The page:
Returning to the office? Brace yourself for lunchflation: the rising cost of lunch


Working at home lets you hide out from inflation.

No commuting means less exposure to gasoline prices that have on average jumped 45 per cent across the country in the past 12 months. Not buying your lunch means you’ve missed out on steep price increases for soup, sandwiches, wraps and other office worker lunchtime staples.

The rising cost of going out for lunch has been tallied by Square, a technology and payments company that compared current fast food costs in cities across the country to March, 2020. First, some good news. The cost of tacos has somehow fallen 16 per cent in the past two years.

Elsewhere in dining, lunchflation is very much on the menu. Square reports that:

  • Hamburger prices are up 26 per cent over the past two years, to $10.86 from $8.61
  • Salads are up 25 per cent, to $12.63 from $10.11
  • Soup is up 24 per cent, to $7.60 from $6.13
  • Sandwiches are up 20 per cent, to $10.03 from $8.38
  • Wraps are up 15 per cent, to $10.26 from $8.90

Returning to the office is very much a work-life balance issue, but there’s a huge financial dimension as well. There’s the cost of commuting, whether in your own vehicle or public transportation, dressing for success in an office environment and keeping yourself fed while at the office.

Lunchtime costs are the easiest to avoid – just bring your lunch. Inflation has taken over in the grocery store, but you can still feed yourself at a much lower cost than the local fast food spot. To keep things interesting, maybe buy your lunch once a week. Tacos sound good.


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Rob’s personal finance reading list

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What are your travel plans?

A long list of apps that are related to travel – booking flights, finding cheap gas, managing money and more. Now for some information on how you can donate Aeroplan travel reward points for Air Canada’s Ukraine relief fund.

How to file your taxes if you’re self-employed

A detailed guide to managing and filing your taxes if you’re self-employed. Read it for help with your 2021 return, and looking ahead for 2022.

Are you feeling NFT FOMO?

Non-fungible tokens are one of the hot investing trends of the past couple of years. Here, a veteran investing writer digs into what they are, and whether they are an investment you need to consider. Sneak peak: “NFTs are an interesting, versatile, and useful tool. Not an investment.”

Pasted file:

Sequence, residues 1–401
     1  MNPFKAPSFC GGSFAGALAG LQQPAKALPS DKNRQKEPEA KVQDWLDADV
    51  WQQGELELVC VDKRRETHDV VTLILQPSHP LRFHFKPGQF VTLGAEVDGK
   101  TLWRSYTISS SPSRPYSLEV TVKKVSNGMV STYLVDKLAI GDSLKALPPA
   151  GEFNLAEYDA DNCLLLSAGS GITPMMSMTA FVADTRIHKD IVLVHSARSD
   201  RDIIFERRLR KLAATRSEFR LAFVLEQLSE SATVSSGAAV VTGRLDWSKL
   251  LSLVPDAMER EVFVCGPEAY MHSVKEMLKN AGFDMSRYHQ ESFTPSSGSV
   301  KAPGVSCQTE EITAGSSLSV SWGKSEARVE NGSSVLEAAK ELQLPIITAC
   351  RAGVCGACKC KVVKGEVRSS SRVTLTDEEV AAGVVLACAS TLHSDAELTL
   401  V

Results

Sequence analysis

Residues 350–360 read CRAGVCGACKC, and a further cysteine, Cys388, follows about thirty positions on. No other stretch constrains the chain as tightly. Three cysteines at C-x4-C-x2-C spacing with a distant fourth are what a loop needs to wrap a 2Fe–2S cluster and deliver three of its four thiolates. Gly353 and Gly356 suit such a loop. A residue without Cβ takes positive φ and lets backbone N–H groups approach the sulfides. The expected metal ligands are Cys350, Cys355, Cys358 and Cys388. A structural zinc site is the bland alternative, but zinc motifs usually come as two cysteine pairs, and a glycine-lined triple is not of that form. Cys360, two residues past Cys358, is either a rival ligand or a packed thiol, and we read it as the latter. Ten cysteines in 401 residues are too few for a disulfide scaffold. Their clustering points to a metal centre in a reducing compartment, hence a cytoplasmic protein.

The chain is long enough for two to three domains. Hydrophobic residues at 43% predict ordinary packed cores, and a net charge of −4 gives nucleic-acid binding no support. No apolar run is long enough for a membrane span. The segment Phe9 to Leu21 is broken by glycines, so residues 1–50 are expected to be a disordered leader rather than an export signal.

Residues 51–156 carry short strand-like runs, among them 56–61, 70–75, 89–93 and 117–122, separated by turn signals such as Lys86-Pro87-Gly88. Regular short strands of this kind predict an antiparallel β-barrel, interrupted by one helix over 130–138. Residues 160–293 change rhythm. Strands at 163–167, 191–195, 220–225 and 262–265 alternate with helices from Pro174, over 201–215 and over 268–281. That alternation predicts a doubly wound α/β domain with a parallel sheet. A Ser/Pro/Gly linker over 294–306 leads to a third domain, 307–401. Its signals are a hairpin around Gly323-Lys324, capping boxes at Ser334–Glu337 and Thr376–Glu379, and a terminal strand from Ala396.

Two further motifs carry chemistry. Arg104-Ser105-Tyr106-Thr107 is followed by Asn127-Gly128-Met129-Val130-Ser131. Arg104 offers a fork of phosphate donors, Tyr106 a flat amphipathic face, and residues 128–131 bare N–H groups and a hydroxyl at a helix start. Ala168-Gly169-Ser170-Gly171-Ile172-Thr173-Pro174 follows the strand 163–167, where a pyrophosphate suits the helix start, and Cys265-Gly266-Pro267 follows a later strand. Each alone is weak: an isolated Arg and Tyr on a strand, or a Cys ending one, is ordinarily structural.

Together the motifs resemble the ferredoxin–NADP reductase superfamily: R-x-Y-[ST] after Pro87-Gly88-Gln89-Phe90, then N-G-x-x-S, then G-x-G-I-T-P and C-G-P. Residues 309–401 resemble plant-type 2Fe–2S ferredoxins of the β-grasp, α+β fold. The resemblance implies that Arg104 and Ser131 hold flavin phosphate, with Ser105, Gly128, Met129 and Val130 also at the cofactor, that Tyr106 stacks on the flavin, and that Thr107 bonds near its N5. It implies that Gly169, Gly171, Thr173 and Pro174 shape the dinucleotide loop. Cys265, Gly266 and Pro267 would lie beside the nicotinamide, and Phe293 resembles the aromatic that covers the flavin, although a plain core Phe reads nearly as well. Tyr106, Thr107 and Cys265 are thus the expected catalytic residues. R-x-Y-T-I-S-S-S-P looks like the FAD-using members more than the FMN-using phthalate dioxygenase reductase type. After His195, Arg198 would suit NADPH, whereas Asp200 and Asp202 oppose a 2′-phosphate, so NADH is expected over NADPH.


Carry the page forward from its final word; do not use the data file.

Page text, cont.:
Q&A

Q: How long a term should you take in renewing or buying GIC?

A: The standard advice for buying guaranteed investment certificates is to ladder them, or invest equal amounts of GICs with terms of one through five years. When a GIC matures, you reinvest in a new five-year term. Consider a three-year ladder right now. The reward for locking in for five years over three is minimal at many banks. Also, make sure you’re getting top rates.

Do you have a question for me? Send it my way. Sorry I can’t answer every one personally. Questions and answers are edited for length and clarity.


Attention parents

Are you a working parent of a kid aged six to 12 who needs child care in the summer? How do summer camps affect your family finances? We’d love to hear about your experience, your frustrations, as well as any tips to save up for the expense or keep costs under control. E-mail Globe personal finance reporter Erica Alini at ealini@globeandmail.com to share your story.


Today’s financial tool

Housing-related tax reminders for people who bought, sold or renovated a home last year.


The Money-Free Zone

A funky gospel tune from the excellently named Swan Silvertones – If You Think Your God is Dead, Try Mine.


Who I’m following on Twitter

Frances Donald, global chief economist and strategist at Manulife Investment Management. Plays in a higher league of economic commentary.


In case you missed these Globe and Mail personal finance-related stories

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Divyansh Singh

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